No, Catalonia isn't Palestine
Source: +972 Magazine
By Noam Sheizaf
October 1, 2017
Some in Israel are drawing parallels between the Catalonian demand for national self-determination and Palestinian independence. The two situations are nothing alike.
Hundreds of Catalan independence supporters rally against a visit by King Felipe VI to Girona, Catalonia, June 26, 2014. (Ariet/CC BY-NC 2.0)
The referendum over Catalonian secession underway in Spain is turning into a serious political crisis, which threatens to become a European crisis that could dwarf even Brexit. The European Union has succeeded at tampering internal conflicts inside member states: the vision of European identity was critical in ending the violence in Northern Ireland, and perhaps even the struggle for Basque independence.
Now, a declaration of Catalonian independence would put to a test not only Spain, but the European Union itself: other member-states also have secession movements of their own, of varying significance. The basic instinct of the EU is, of course, to preserve the status quo but it is possible that is no longer an option. (On that note, I recommend reading the New York Review of Books’s survey of literature calling for a new European narrative or political framework.)
On the sidelines of the referendum in Spain, some in Israel are drawing parallels between the Catalonian demand for national self-determination and Palestinian demands. These wonder out loud how Spain and Europe could push Palestinian independence on Israel when they oppose the independence of minority groups within their own borders. The two situations are nothing alike, however.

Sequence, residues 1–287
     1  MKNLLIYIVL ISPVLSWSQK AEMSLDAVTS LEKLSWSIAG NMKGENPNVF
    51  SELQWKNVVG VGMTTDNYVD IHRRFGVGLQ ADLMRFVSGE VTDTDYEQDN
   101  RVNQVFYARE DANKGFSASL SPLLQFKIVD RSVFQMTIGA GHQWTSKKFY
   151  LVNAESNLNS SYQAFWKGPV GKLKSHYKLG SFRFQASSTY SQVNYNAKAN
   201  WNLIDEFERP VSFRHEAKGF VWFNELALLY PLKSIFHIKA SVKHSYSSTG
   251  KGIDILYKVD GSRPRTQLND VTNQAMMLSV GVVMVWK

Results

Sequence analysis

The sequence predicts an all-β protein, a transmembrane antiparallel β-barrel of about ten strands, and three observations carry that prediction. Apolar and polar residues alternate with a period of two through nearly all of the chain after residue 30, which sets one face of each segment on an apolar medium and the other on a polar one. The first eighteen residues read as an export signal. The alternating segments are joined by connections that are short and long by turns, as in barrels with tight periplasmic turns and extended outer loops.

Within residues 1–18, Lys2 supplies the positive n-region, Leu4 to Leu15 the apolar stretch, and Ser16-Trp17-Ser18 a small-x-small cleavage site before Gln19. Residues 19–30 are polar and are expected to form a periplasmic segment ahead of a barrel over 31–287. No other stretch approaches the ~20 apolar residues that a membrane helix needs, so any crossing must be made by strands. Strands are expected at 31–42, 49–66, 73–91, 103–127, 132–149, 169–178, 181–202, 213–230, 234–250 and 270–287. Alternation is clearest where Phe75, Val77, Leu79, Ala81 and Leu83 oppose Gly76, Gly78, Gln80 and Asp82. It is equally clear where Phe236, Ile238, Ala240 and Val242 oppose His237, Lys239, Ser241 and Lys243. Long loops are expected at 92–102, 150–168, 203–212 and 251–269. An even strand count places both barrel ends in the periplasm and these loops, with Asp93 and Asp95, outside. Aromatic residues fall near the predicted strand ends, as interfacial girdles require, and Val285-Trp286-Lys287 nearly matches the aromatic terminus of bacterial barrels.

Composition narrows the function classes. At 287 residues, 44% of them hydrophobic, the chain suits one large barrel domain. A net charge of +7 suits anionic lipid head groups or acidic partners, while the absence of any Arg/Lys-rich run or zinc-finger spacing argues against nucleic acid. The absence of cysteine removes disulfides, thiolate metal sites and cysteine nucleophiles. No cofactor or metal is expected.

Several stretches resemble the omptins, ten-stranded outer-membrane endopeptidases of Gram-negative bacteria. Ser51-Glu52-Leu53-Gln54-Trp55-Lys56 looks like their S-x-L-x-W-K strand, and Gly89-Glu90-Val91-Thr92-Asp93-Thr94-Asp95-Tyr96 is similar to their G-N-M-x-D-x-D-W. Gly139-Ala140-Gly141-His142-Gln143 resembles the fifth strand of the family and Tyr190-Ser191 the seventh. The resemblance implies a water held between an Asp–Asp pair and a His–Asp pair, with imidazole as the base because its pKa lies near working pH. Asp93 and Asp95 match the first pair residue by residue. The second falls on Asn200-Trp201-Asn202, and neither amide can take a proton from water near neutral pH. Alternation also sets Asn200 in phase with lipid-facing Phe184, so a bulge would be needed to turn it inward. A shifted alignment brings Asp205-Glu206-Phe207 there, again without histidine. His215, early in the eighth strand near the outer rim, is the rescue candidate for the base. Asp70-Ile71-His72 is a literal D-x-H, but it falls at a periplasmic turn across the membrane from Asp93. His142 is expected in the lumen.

Catalonians are already full citizens in Spain, like the Kurds in Iraq, Tibetans in China, and most of the minority groups in the world that are demanding independence. If we were to imagine a parallel situation in Israel, it would be if Palestinian citizens of Israel in the Galilee or the Negev were to demand independence. Alternatively, another comparable situation would be if following Israel annexing the Palestinian territories and giving citizenship to all of its residents, Palestinians within the resultant one-state solution were to hold a referendum on secession. That might not be the worst idea in the world.
Likewise, the “autonomy” that Israel has supposedly granted Palestinians does not at all resemble the idea of autonomy that is discussed in the rest of the world. Autonomy for certain regions or minority groups is supposed to supplement basic civil rights, not in place of them. The Israeli example is more akin to the demands in South Africa to recognize Bantustans as autonomous regions than to other ideas of autonomy.
Current examples that are closer to the Israeli case, at least as far as the status of the land and its population, are Northern Cyprus and Western Sahara. In those places, however, the population at stake is much smaller than the Palestinian population living under Israeli occupation — and in both places the occupying power (Turkey and Morocco) have attempted their own resolutions. It’s important to note that the world, including Israel, does not recognize those resolutions — not the “independence” of Northern Cyprus, and not the occupation of Western Sahara, and rightly so. As such, the world’s opposition to the Israeli occupation of the Palestinian territories is consistent with and follows the logic of the international system’s fundamental principles.
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